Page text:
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SQL Server DBA Tips & Tricks

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Deploying SSIS Packages with BIxPress

oldbusted-newhotness

Same functionality but obvious differences

If you’ve worked with SSIS for any amount of time, you may quickly come to find that the native way of deploying packages can be…cumbersome. The native tools, while helpful, aren’t exactly the most intuitive to setup or use. This post will show you how you can quickly and easily deploy and configure packages using BIxPress.

Old and Busted

Before I show you how to deploy packages, I should probably quickly explain how to deploy packages in SSIS using native methods. I won’t go into every single detail here on how to deploy packages natively, however, if you’re interested in doing it step-by-step the built-in Help in Business Intelligence Development Studios (BIDS) has a complete walkthrough tutorial for you to check out. To access those tutorials simply press Ctrl+F1 from within BIDS (or click on Help menu and select How Do I from menu). From the ‘How Do I?’ list click on Find Tutorials, Integration Services and then select your tutorial. The one I’m referring to in this post is the Tutorial: Deploying Packages.

The condensed version of the tutorial is this: in order to deploy packages you have to go through a series of steps that aren’t exactly obvious from the interface. First, you have to manually enable the ability to even deploy. You get to this by going to the properties of the project, go to Deployment Utility and set the CreateDeploymentUtility option to True. Once you’re done doing that, you have to build (or rebuild) the project for it to generate what is called a Deployment Manifest file. This file is saved to the file path configured for DeploymentOutputPath where you set the properties for the Deployment Utility. This part alone reeks of user-interface fail to me, but I digress.

Once you’ve created your deployment manifest you’ll need to copy that manifest file out to a share on the target server. After you’ve copied it there, you double click it to launch the Package Installation Wizard. This wizard is pretty typical of Microsoft wizards and is pretty straightforward as far as walking you through your various options. For complete details on deploying using the wizard, refer to the tutorial in the Help. By the time you’re done with the wizard you’ll have deployed the package but your options for customization of deployment are limited.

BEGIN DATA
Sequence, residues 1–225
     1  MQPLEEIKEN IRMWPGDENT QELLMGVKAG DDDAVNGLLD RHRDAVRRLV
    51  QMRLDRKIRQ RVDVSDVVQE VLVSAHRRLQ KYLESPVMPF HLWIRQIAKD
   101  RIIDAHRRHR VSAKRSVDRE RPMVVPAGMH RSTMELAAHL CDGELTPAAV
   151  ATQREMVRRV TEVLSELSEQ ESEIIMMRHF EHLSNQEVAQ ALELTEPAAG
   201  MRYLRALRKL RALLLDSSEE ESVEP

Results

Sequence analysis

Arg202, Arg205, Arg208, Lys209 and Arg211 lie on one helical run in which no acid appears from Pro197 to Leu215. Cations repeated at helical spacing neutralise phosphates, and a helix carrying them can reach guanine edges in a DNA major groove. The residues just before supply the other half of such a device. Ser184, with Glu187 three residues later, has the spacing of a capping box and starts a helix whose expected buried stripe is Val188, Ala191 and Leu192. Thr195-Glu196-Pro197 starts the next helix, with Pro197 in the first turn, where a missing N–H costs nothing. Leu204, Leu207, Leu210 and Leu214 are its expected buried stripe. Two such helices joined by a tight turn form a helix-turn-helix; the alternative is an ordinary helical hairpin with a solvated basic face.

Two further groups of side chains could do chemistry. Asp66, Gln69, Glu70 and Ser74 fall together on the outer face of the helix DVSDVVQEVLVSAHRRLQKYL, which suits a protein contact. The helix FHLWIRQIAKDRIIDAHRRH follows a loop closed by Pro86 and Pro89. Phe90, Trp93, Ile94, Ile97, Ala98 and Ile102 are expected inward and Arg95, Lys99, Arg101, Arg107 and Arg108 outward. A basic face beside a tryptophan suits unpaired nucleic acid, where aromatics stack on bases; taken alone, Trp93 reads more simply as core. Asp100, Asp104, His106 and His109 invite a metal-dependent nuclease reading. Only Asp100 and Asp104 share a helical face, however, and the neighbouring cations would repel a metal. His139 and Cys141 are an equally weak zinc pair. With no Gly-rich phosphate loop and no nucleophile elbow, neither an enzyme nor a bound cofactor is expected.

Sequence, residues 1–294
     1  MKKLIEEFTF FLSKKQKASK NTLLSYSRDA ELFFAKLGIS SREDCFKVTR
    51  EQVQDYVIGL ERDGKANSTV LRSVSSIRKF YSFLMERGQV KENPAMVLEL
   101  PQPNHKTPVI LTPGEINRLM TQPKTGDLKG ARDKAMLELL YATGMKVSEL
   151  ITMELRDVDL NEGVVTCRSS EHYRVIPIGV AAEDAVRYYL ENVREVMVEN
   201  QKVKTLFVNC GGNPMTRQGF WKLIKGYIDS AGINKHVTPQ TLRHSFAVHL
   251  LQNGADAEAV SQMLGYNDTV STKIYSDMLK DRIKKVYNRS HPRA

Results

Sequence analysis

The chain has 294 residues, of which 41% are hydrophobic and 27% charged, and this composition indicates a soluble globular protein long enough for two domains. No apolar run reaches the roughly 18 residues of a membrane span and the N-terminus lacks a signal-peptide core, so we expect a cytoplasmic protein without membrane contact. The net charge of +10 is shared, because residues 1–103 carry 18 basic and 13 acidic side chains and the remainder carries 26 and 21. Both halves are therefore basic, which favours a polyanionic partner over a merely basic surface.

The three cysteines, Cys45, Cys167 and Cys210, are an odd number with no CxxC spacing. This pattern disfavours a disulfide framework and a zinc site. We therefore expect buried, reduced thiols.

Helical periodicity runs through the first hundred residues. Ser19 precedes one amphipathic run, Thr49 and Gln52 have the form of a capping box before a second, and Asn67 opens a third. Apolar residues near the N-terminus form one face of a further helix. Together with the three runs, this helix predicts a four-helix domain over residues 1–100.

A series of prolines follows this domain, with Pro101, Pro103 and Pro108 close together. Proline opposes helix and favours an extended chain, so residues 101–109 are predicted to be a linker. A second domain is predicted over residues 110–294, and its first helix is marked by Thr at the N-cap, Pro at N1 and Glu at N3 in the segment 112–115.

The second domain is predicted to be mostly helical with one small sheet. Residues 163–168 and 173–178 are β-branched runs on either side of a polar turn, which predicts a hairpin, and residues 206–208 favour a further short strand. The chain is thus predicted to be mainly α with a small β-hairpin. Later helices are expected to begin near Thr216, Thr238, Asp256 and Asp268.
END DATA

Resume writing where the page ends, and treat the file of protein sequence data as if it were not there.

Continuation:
New Hotness

After learning SSIS over the past year, one of the things that BIxPress has absolutely spoiled me with is the ease of deploying packages. In BIDS just right-click on your package and select Deploy SSIS Package (BIxPress) from the context menu. This will launch the BIxPress Package Deployment wizard. The first screen that comes up gives you a few really cool options such as copying folder structures (if needed), deploy XML files for you if you used XML configurations, you can change the location of those configuration files on your target server, and even change the package level protection from here. These options here have made deployments a breeze for me as on QA servers I had clients putting configs in D:SSISConfigs and on production it was something different like E:SSIS_Configs. Being able to quickly and easily change these options on the fly has saved me tons of headaches.

The next screen is the real meat of this feature. Here you can actually select more than just the one package you right-clicked initially for deployment. Additionally you have lots of options for deploying to and from a server. You can deploy to/from your regular options of File System, SQL Server or SSIS Package Store but here its easily laid out for you for ease. Speaking of ease, ever wanted to deploy in the opposite direction (i.e. production to development)? Simply check off the box ‘Enable 2-way deployment’ and you can quickly deploy bi-directionally quickly and easily. Pretty slick, eh?

Once you check off the packages to deploy and select your deployment destination options, simply click the deploy button in the middle and it quickly deploys your packages. Once it is complete you get a summary of the deployment results which you can save for change management purposes. That’s it, you’re done!

If you want to try out BIxPress you can download a trial copy from the Pragmatic Works website.

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OMG I’m an MVP!

I can’t believe it, but I can finally say that I’m now officially a Microsoft SQL Server MVP! Last week I got the great news from my MVP lead, Ryan Bolz (Twitter) in…a peculiar way. Allow me to explain. Typically MVP renewals and new awardees are notified four times a year, once every quarter. This past quarter’s notifications went out on July 1st. Like so many in the community, when the quarterly MVP day rolled around I was guilty of refreshing my inbox every 5 minutes for 24 hours hoping for that magic Wonka ticket into MVP-ville.

Felt a little something like this...

Alas, July 1st came and went with no email. Disappointed turtle was disappointed. Now I say I was disappointed since I knew I’d been nominated the last few quarters but hadn’t heard anything yet. And yes, I know “it’s the award you’re not supposed to want”, but still it’s stressful knowing you’re up for it but not hearing anything one way or the other. This time around I figured “oh well, keep it up and eventually…maybe”. Anywho, last week as I was at the JSSUG meeting when I got a DM from Ryan with the following: “Hi Jorge — Congratulations! You are a MVP. Call me so I can explain it all to you.”